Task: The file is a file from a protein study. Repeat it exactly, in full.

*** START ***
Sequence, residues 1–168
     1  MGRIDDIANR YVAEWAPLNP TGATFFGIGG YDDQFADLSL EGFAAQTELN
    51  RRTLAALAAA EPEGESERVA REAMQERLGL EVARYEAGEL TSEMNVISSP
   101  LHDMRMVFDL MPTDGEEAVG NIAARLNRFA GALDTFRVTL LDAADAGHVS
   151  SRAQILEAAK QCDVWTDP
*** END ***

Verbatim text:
Sequence, residues 1–168
     1  MGRIDDIANR YVAEWAPLNP TGATFFGIGG YDDQFADLSL EGFAAQTELN
    51  RRTLAALAAA EPEGESERVA REAMQERLGL EVARYEAGEL TSEMNVISSP
   101  LHDMRMVFDL MPTDGEEAVG NIAARLNRFA GALDTFRVTL LDAADAGHVS
   151  SRAQILEAAK QCDVWTDP